The Baseball Hall of Fame and Morals: It's Too Late for All That

Mark HauserCorrespondent IIJuly 24, 2009

SAN FRANCISCO - SEPTEMBER 26:  Barry Bonds #25 of the San Francisco Giants swings at a pitch during the first inning against the San Diego Padres September 26, 2007 at AT&T Park in San Francisco, California. Tonight will be the final home game for Bonds as a member of the San Francisco Giants.  (Photo by Justin Sullivan/Getty Images)

The bottom line is this: Why do sports’ Hall of Fames exist? 

Basically, it is to signify which players were the best players of all time in their particular sport. 

None of the Hall of Fames have a moral clause, except baseball, of course.  The rules for the voting include taking into consideration a player’s “integrity, sportsmanship, and character.”   While this may have seemed like a good idea when it was written, all it did was open the door for inevitable unfair subjectivity, and ultimately, hypocrisy.

Right off the bat (pun intended) these qualities were ignored as Ty Cobb (98.2 percent of the votes), and perhaps to a lesser extent Babe Ruth (95.1), were inducted into the Hall of Fame. 

Now, I am not suggesting that they should not have been voted in the Baseball Hall of Fame—that would be silly.  But unless the biographies of Cobb and Ruth are inaccurate, a precedent has now been set and it was clear that those three words really don’t apply to the rules.   Hence, either those three words should have been taken out of the voting rules, or they should have never been considered or brought up again.

And if baseball, either now or back in 1936, wants to get all high and mighty and self righteous, how about the fact that many players refused to take the field with black players for over a half century?  This was despicable and hardly a display of “integrity, sportsmanship, and character.”  And some of these same players I would bet are in the Hall of Fame.  Sorry, baseball opened up the can of worms. I am just slugging through their mud.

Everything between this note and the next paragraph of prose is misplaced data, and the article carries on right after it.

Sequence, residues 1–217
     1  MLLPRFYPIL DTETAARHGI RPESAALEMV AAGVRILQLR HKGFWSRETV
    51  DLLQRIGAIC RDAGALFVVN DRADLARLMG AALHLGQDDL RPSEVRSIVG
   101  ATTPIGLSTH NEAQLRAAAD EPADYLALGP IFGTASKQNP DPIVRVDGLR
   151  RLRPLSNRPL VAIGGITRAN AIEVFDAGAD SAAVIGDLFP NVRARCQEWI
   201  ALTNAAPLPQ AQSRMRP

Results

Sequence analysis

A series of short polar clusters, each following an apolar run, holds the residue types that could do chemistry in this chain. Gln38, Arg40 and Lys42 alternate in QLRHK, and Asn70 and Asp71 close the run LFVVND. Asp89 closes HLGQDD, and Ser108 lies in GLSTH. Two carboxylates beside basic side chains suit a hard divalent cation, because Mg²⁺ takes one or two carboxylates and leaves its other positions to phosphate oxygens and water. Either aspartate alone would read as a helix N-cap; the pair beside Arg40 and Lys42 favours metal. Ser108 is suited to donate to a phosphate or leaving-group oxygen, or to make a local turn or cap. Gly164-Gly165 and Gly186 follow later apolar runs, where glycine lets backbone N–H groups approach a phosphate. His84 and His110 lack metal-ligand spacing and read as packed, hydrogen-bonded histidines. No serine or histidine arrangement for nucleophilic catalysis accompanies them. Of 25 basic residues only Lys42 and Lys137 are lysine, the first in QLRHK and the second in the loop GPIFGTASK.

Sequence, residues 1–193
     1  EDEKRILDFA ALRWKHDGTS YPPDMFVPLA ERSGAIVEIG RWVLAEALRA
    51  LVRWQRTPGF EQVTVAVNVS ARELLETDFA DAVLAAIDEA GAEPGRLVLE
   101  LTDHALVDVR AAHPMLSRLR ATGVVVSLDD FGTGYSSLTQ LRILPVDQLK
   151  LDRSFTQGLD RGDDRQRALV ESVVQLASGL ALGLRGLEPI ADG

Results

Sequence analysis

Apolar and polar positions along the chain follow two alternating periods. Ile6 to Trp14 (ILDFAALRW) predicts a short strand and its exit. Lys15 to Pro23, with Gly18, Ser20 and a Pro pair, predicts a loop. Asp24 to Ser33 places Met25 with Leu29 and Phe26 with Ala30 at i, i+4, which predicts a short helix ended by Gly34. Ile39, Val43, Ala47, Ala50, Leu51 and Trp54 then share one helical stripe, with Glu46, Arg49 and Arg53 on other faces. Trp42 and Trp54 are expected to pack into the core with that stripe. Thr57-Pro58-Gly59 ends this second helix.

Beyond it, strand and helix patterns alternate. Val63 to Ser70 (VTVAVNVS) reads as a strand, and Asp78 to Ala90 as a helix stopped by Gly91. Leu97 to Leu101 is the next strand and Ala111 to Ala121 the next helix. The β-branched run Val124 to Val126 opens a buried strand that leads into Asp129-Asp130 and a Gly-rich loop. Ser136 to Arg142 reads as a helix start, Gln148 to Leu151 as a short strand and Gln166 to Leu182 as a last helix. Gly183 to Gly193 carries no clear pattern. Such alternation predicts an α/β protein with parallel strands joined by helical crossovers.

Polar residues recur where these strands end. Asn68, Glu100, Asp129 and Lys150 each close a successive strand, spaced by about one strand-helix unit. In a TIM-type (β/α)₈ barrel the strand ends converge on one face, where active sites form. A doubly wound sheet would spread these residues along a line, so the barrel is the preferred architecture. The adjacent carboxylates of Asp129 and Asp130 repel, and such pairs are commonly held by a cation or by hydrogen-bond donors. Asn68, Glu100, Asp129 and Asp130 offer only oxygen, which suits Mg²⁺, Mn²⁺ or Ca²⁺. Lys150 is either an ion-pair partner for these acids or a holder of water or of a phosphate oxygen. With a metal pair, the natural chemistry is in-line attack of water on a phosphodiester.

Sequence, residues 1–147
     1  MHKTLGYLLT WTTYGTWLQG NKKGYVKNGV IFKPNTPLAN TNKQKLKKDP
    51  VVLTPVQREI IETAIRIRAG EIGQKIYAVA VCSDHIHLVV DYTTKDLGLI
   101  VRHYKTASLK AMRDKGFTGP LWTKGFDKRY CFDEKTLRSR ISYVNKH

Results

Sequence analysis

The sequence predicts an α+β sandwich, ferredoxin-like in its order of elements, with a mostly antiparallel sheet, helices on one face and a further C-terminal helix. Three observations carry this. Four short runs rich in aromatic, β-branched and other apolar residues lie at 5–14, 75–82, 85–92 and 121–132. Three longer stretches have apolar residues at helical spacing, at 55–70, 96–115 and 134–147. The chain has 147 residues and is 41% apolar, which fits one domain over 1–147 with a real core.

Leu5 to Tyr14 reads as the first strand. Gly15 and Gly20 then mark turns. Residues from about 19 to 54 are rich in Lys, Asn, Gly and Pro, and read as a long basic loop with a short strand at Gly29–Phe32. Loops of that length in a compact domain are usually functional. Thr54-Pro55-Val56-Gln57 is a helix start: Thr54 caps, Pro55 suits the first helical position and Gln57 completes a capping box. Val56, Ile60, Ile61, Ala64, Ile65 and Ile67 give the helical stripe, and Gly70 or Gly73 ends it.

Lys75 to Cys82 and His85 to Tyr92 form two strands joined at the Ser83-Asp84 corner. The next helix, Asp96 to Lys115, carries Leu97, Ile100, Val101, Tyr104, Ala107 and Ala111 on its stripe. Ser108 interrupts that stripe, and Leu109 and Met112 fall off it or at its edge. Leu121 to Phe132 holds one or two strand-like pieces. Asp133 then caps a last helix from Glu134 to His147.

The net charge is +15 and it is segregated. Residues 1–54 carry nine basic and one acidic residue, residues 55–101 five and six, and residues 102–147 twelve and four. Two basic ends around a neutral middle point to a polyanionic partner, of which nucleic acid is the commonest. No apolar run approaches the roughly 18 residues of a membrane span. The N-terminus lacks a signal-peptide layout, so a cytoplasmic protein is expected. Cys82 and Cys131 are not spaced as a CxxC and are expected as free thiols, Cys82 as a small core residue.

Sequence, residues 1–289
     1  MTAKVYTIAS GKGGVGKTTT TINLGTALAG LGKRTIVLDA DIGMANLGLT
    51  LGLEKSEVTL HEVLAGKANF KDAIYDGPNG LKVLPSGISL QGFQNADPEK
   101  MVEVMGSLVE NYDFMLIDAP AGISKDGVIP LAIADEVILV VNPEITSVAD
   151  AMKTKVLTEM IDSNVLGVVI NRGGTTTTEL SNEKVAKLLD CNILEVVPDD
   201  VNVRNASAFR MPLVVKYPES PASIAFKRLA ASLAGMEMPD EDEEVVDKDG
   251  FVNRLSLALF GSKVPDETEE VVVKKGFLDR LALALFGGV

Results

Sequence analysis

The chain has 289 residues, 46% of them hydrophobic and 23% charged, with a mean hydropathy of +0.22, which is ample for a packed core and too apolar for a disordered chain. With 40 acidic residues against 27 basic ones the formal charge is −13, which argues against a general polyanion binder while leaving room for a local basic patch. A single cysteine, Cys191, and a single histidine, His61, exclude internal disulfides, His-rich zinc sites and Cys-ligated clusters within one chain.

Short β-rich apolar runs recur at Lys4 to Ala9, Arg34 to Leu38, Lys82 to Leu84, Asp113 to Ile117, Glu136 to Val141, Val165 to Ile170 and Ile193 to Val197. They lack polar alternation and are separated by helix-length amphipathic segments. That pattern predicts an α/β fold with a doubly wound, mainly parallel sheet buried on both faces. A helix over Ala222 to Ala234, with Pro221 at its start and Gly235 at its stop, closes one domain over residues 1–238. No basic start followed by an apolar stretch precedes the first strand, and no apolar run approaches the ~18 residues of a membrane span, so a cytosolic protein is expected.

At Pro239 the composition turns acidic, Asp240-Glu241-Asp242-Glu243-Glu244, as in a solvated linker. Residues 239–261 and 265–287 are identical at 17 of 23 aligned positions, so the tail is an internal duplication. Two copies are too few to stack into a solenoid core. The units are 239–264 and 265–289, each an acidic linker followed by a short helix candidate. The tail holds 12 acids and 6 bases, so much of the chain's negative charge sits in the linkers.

If baseball wants to ban players from the Hall of Fame for throwing games because that is a specific offense that won’t be tolerated, then fine, as long the players know that is what the rule is.  Pete Rose’s case, however, is more complicated because he did not bet on baseball when he was a player and he would only be going into the Hall as a player and not a manager.  Perhaps if he handled it better he would be in right now.

Steroids present an even bigger problem because taking them is clearly cheating; yet since baseball handled it so poorly we don’t have the evidence we need to apply it fairly. 

What’s fair?  I don’t know—it is a mess.  Personally, I would do what I think a majority of the voters are going to do, which is vote for the players that I think were clearly good enough even without the help of steroids (Barry Bonds, Alex Rodriguez, and Roger Clemens) and not vote the borderline cases that I strongly suspect took steroids.  This is totally unsatisfying, and of course, potentially unfair.  Thanks again, MLB.

All this means is that I would probably vote Rose, Bonds, Rodriguez, and Clemens into the Hall (sorry, Shoeless Joe Jackson took the money without a gun to his head even though I am not convinced he helped throw the series). I think they are all jerks, but deserving jerks, nonetheless. 

This, I guess, is my way of saying that I don’t think much of their “integrity, sportsmanship, and character.”  I don’t care because I didn’t think much of Cobb’s, Ruth’s, and any racist player who deprived MLB of all those great black players that were forced to play in the Negro Leagues. 

What’s fair is fair, except in baseball.